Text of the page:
When children at École Alberni Elementary School are hungry at recess, they don’t have far to go for a snack.
“We have kids eating kale every recess and lunch hour,” said Laurie Morphet, school principal.
And the best part about the kale? The kids grew it themselves, in the school’s garden.
Local grower Heather Shobe coordinated the garden program five years ago; this year organic master gardener and farmer Sherry Lyons has taken over.
Lyons is excited to see the kind of cooperation that parents, teachers and children have in the spirit of the garden. Earlier this month parents gathered for a work party and Lyons was amazed to see how much progress was made in one hour.
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The school has 70 feet (21 metres) of raised beds, a new garden bed that was dug up on the other side of a doorway, a couple of fruit trees that were donated, and 25 feet (eight metres) of strawberry beds.
The school uses seeds from the seed lending library and relies on donations because funds are limited.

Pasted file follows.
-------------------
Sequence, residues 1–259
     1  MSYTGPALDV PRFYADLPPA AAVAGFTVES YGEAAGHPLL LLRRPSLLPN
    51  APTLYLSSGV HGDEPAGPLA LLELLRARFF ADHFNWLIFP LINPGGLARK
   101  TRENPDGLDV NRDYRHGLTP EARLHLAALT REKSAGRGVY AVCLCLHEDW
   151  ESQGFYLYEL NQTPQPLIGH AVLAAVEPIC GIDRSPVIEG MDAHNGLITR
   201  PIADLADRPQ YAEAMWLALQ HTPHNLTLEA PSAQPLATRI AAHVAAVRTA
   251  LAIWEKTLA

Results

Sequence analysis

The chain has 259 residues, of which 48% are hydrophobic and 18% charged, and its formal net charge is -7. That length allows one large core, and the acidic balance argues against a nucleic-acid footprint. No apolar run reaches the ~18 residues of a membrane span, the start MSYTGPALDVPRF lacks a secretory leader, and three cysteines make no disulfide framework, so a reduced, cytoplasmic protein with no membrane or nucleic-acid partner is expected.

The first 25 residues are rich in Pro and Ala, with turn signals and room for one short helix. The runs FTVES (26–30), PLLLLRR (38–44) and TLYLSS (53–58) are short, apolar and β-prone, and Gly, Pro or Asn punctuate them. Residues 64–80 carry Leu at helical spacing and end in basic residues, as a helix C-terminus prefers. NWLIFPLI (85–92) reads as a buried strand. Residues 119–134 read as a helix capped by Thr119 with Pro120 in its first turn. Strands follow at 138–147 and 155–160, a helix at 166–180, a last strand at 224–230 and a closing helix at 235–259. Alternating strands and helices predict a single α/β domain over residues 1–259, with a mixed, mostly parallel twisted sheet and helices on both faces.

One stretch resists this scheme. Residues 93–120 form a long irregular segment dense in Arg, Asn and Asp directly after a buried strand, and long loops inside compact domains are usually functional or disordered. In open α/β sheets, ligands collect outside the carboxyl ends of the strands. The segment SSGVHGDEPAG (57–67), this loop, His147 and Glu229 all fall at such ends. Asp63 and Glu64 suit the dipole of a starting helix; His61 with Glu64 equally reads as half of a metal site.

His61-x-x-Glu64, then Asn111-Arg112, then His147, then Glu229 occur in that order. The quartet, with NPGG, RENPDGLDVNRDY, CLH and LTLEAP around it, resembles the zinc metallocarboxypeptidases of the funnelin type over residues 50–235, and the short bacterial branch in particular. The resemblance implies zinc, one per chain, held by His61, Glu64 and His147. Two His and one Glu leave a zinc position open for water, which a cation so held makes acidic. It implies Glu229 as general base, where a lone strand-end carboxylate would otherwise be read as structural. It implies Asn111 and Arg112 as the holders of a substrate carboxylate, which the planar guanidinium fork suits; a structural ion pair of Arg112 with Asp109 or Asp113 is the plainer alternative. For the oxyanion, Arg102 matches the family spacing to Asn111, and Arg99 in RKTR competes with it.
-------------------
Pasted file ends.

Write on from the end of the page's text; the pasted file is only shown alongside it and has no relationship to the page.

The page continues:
“I think that good food should be available to all children,” said Lyons. “If you teach a child how to grow food, they will never go hungry. The low valued Canadian dollar and the drought threaten food security, putting good food further out of reach for some families,” she added.
“You can buy fast food much cheaper than fresh fruits and veggies in the stores, so learning to grow your own food just makes sense.
“I know from my own children that if you teach children how to grow their own food then later in life they will make better food choices. They realize how much better food tastes, how much better the texture is; they learn to experiment with food,” Lyons said.
“With increasing obesity and diabetes, it just makes sense.”
Teachers have embraced the school garden concept at the school, Morphet said. The school had already established the garden under former coordinator Heather Shobe when Morphet arrived at the school. The garden is one big learning experience for students, she said. “There are many students who don’t have gardens or parents don’t garden. This is an opportunity to make a lesson out of growing.”